The Intercultural city aims at building its policies and identity on the explicit acknowledgement that diversity can be a resource for the development of the society.

The first step is the adoption (and implementation) of strategies that facilitate positive intercultural encounters and exchanges, and promote equal and active participation of residents and communities in the development of the city, thus responding to the needs of a diverse population. The Intercultural integration policy model is based on extensive research evidence, on a range of international legal instruments, and on the collective input of the cities member of the Intercultural Cities programme that share their good practice examples on how to better manage diversity, address possible conflicts, and benefit from the diversity advantage.

This section offers examples of intercultural approaches that facilitate the development and implementation of intercultural strategies.

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To get acquainted with cities’ good practices related to the management of the Covid-19 pandemic, please visit Intercultural Cities: COVID-19 Special page.

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A policy to increase the diversity in neighbourhood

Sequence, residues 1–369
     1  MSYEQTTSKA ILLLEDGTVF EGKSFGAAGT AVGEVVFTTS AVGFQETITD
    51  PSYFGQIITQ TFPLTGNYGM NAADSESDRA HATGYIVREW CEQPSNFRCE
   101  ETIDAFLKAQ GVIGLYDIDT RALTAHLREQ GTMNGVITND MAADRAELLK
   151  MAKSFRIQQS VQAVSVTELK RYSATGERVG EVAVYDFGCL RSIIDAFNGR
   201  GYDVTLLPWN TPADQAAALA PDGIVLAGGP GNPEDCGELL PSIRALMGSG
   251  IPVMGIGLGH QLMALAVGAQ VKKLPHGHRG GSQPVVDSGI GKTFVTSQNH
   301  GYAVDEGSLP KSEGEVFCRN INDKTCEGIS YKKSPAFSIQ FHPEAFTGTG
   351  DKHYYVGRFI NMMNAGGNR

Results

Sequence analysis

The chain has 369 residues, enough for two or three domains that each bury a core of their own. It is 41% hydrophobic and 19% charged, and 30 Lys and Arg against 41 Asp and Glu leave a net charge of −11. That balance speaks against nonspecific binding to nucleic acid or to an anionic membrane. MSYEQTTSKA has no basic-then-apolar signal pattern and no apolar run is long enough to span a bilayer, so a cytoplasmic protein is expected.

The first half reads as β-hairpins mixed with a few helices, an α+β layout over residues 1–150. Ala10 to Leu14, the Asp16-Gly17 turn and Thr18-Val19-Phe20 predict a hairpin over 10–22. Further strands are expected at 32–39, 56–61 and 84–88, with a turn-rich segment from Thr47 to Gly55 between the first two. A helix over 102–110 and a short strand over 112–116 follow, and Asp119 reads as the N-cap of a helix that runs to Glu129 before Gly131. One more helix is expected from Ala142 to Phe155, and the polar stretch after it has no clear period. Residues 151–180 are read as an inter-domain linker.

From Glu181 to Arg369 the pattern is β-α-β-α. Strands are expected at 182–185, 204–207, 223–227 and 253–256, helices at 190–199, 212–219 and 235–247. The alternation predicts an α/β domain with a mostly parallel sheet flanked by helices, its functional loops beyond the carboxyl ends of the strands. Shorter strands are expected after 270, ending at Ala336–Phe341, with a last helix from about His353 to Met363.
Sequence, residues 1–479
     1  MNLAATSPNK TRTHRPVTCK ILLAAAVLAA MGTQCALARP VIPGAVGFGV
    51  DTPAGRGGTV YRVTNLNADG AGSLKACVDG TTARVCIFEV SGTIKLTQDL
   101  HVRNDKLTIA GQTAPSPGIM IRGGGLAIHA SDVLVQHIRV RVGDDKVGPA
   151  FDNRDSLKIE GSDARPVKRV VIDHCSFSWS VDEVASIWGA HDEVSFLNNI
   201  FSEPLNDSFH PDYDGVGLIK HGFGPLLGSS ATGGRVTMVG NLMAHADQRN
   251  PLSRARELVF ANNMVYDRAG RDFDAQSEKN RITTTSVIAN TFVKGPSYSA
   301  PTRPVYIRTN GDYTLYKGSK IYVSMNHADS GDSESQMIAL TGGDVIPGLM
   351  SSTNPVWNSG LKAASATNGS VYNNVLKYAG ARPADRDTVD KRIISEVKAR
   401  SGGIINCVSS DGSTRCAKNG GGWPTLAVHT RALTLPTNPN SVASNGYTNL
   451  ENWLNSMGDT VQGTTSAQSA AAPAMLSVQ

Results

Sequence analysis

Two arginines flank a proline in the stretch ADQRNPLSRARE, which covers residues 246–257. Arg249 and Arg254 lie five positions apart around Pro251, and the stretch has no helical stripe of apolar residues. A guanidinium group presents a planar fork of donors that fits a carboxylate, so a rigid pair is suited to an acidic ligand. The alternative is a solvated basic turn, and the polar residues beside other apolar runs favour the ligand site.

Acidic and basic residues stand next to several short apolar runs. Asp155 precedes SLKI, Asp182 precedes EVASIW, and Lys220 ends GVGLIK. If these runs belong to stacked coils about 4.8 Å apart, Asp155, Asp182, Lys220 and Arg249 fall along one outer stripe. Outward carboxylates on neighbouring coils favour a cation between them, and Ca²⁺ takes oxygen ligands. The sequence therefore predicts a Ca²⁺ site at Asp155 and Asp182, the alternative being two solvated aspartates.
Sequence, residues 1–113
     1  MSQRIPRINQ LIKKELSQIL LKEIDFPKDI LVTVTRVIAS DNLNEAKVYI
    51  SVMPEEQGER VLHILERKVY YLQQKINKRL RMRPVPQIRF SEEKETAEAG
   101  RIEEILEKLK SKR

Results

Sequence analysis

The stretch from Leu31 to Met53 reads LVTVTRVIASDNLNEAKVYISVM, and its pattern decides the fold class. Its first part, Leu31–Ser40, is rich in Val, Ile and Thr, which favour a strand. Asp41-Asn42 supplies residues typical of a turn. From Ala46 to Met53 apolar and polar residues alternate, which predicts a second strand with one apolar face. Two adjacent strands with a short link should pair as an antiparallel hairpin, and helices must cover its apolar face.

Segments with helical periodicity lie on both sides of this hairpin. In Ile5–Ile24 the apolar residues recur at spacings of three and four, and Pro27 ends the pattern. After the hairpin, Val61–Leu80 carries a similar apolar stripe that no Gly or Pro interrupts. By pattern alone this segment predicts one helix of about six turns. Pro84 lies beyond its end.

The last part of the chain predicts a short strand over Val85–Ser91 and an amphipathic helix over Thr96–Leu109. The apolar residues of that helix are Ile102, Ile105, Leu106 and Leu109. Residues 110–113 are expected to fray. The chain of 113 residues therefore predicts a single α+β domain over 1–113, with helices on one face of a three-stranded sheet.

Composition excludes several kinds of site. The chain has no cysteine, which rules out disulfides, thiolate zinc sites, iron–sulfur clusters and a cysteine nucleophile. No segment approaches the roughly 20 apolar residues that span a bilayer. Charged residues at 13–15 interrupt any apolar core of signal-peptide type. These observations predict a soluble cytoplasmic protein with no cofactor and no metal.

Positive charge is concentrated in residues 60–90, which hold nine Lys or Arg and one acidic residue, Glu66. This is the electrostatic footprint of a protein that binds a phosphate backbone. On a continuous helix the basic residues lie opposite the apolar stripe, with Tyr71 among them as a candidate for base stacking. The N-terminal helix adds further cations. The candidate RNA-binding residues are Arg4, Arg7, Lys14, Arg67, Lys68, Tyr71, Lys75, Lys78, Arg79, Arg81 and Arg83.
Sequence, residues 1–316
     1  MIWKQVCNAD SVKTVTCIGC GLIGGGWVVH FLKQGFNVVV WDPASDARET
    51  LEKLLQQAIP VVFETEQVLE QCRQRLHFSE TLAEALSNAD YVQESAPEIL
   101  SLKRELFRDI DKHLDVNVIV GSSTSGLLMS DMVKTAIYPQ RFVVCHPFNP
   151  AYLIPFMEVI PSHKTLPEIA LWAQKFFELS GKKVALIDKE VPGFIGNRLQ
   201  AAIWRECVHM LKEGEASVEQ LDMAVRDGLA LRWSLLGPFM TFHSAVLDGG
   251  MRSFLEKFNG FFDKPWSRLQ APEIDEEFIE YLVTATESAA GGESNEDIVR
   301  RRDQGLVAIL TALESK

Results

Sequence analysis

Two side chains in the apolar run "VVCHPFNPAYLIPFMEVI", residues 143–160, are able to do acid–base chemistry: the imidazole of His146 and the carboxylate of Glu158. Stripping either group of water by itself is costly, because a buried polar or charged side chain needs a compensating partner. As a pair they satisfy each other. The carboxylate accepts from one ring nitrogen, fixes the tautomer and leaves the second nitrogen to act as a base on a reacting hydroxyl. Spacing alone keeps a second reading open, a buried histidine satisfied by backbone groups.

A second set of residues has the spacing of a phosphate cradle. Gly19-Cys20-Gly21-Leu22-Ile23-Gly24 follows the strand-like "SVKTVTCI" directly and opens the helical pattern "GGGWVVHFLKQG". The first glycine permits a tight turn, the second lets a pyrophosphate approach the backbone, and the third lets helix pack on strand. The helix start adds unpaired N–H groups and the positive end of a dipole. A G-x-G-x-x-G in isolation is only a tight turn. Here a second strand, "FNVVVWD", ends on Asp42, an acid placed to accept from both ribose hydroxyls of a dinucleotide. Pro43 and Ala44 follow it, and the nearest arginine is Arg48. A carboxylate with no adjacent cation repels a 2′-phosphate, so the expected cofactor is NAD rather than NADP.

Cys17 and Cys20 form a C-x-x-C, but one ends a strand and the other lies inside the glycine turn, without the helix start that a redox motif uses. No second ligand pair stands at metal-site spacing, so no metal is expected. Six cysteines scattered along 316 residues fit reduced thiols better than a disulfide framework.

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Most districts in Zurich are ethnically and culturally diverse. The city has a policy to increase the diversity of residents in the neighbourhoods and avoid ethnic concentration. The City Council housing programme aims, among other things, at a good social mixing within the City of Zurich.

The majority of the city population lives in rented apartments. 25 % of these apartments are owned by the City of Zurich or by non-commercial housing associations. The city as well as the housing associations have adopted a rent policy, which takes into account the cultural mixing within the neighbourhood. Moreover, the City of Zurich's policy on socially acceptable inner development looks at future building sites and seeks to create societal cohesion and cultural mixing.

The city encourages actions where residents of one neighbourhood meet and interact with residents with different migrant/minority backgrounds from other neighbourhoods. Generally, the Integration Policy, the housing programme housing, and the social culture strategy (Soziokultur) include useful guidelines. More specifically, projects that promote an improved cohabitation of ‘locals’ and ‘foreigners’, can sometimes be financed by the City of Zurich. Three different funds are available:

• Credit for integration projects (Integrationskredit): 200,000 CHF available per year. Yearly, around 30-40 projects that are implemented mainly on a voluntary basis are financially supported.

• Credit for exchange and cohabitation (Kredit Austausch und Zusammenleben): 250,000 CHF available per year. Yearly, around 3-6 projects are financially supported. From 2019 onwards, the City of Zurich is financing intercultural programme weeks (Interkulturelle Programmwochen), which will take place every two years and seek to make lived diversity in the city visible.

The Zurich community centres (Gemeinschaftszentren) were founded in 2010 and aim to promote community development as well as the implementation of equal opportunities and participation of all resident groups. Among other things, community centres are implementing own programmes on education, integration, and cultural mediation.


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